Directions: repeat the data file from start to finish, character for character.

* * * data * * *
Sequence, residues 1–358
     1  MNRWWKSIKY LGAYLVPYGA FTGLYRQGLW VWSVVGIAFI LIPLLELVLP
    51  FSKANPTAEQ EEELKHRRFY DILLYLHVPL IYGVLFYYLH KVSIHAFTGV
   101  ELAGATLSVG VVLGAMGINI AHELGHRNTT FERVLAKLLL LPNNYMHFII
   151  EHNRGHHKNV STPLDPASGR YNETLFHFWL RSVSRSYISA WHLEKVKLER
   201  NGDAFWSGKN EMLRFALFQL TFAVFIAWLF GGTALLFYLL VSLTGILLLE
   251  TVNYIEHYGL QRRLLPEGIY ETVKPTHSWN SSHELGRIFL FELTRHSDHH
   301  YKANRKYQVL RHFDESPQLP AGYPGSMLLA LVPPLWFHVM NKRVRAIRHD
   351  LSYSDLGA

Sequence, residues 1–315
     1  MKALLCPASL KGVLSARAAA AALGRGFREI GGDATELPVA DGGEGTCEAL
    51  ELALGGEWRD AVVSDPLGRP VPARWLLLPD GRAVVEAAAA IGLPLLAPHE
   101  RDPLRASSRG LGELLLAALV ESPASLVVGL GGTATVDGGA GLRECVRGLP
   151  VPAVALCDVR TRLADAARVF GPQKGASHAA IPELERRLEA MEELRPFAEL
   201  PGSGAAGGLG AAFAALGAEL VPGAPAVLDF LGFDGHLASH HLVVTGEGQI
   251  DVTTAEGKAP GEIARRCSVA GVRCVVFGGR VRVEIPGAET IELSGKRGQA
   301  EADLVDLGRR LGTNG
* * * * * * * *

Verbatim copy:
Sequence, residues 1–358
     1  MNRWWKSIKY LGAYLVPYGA FTGLYRQGLW VWSVVGIAFI LIPLLELVLP
    51  FSKANPTAEQ EEELKHRRFY DILLYLHVPL IYGVLFYYLH KVSIHAFTGV
   101  ELAGATLSVG VVLGAMGINI AHELGHRNTT FERVLAKLLL LPNNYMHFII
   151  EHNRGHHKNV STPLDPASGR YNETLFHFWL RSVSRSYISA WHLEKVKLER
   201  NGDAFWSGKN EMLRFALFQL TFAVFIAWLF GGTALLFYLL VSLTGILLLE
   251  TVNYIEHYGL QRRLLPEGIY ETVKPTHSWN SSHELGRIFL FELTRHSDHH
   301  YKANRKYQVL RHFDESPQLP AGYPGSMLLA LVPPLWFHVM NKRVRAIRHD
   351  LSYSDLGA

Sequence, residues 1–315
     1  MKALLCPASL KGVLSARAAA AALGRGFREI GGDATELPVA DGGEGTCEAL
    51  ELALGGEWRD AVVSDPLGRP VPARWLLLPD GRAVVEAAAA IGLPLLAPHE
   101  RDPLRASSRG LGELLLAALV ESPASLVVGL GGTATVDGGA GLRECVRGLP
   151  VPAVALCDVR TRLADAARVF GPQKGASHAA IPELERRLEA MEELRPFAEL
   201  PGSGAAGGLG AAFAALGAEL VPGAPAVLDF LGFDGHLASH HLVVTGEGQI
   251  DVTTAEGKAP GEIARRCSVA GVRCVVFGGR VRVEIPGAET IELSGKRGQA
   301  EADLVDLGRR LGTNG